When standard practice does not get reliable results one of two things is possible. But first a baseline is needed. If the standard practice is observed TO get relaible results in other sites – that’s called a control experiment – and must be used as a statistical comparison. How many observations were made? Was this enough to draw any inference conclusion – the theory is obsolete is one.
Then one of two outcomes are possible, (1) the practice is not effective, or (2) the application of practice is not effective. Possible some combination is in place, but that’s a difficult call to make with small sample statistics.
This is the core problem with anecdotal observations – no control group means no inferences to a larger population or a larger change process.
In the end, it’s irrelavant becasue the market place sorts this out.
I was just ranting on a rainy weekend. Sorry for the disruption.

8 Hal November 12, 2008 at 6:54 pm

I hesitate to continue with the conversation. But I have to let people know the conclusion that Lauri and Greg reached in their paper, in case readers don’t take the time to read this 6 year-old paper.

They said, “(i)t is the poverty of current theory that explains the other problems of project management, such as frequent project failures, lack of commitment towards project management methods and slow rate of methodological renewal. Thus an explicit theory is the crucial and single most important issue for the future of the project management profession.”

In spite of Glenn’s comments to the contrary, investigating theory isn’t the same as taking shots at PMI and the PMBoK. Both have advanced tremendously in the last six years. And with membership now over 400,000 people are voting with their wallets in support of the direction PMI is taking.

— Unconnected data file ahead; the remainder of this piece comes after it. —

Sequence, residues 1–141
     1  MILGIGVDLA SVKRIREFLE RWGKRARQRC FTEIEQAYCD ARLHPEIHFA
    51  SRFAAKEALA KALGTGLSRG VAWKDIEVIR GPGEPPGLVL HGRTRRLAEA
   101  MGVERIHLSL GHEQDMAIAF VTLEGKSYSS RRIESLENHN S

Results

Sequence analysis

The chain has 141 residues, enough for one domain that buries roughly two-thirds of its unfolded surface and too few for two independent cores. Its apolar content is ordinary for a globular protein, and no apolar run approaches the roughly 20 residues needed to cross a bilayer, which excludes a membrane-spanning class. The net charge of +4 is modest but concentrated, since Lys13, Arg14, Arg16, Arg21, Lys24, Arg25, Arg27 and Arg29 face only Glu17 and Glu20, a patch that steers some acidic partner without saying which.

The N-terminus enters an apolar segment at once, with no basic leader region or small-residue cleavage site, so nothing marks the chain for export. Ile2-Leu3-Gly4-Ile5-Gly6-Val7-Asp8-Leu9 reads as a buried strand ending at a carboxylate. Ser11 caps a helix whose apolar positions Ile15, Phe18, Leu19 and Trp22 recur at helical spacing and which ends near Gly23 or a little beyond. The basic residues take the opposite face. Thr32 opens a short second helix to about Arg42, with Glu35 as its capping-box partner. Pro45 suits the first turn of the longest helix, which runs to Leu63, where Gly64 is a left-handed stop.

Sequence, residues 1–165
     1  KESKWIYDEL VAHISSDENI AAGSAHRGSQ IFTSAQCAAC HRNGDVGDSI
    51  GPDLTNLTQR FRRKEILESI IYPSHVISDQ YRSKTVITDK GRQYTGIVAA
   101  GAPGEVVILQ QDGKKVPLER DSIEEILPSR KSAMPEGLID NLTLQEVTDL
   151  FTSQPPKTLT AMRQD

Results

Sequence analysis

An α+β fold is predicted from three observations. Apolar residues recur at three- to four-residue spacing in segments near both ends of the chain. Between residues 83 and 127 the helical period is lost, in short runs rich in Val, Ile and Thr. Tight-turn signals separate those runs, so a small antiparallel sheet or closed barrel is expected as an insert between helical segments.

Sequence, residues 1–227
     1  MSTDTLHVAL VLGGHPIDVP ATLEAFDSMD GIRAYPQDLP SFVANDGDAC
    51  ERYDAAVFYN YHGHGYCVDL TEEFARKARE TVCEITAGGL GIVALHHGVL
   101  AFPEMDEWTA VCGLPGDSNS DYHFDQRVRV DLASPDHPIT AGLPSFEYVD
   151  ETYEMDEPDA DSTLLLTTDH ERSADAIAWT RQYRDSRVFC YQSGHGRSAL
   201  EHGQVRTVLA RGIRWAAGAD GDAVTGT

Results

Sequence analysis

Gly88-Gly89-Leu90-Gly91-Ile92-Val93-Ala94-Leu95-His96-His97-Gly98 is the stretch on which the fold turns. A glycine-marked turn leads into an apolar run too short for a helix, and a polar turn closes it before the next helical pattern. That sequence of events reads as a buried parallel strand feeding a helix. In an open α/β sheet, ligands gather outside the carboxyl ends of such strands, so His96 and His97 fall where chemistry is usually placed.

9 Claude Emond November 14, 2008 at 7:42 am

I agree PMI and many other organizations, involved with fostering better project management practices…AND BEHAVIOR, are evolving towards a better understanding of these «highly context-driven» processes. There is a huge effort right now internationally (PMI, IPMA, AFITEP, APM, etc) to get a good standard for project management that shall remain, really on the «guidance» and governance level, not much more.

I consider some stuff in the PMBoK universal and genial: the open-close recurring process (that is also used more frequently in Agile in the form of timeboxing and scrum, and in Lean in the form of promisses completed), its definition of success (meeting the expectations of ALL stakeholders) and its definition of quality (quality = quality of the destination + quality of the journey). I always use and teach those ensuring that at least the open-close processes cover the 9 knowledge areas identified in PMBoK plus a 10th one which is not very well covered in the current version (but will be for sure one day): change management. For the rest, depending on the volunteers who worked on a new edition, I take with a grain of salt, since i smell of a specific context (Edition 3 smells like IT stuff, while edition 2 and 1 were smellin more like engineering-construction stuff).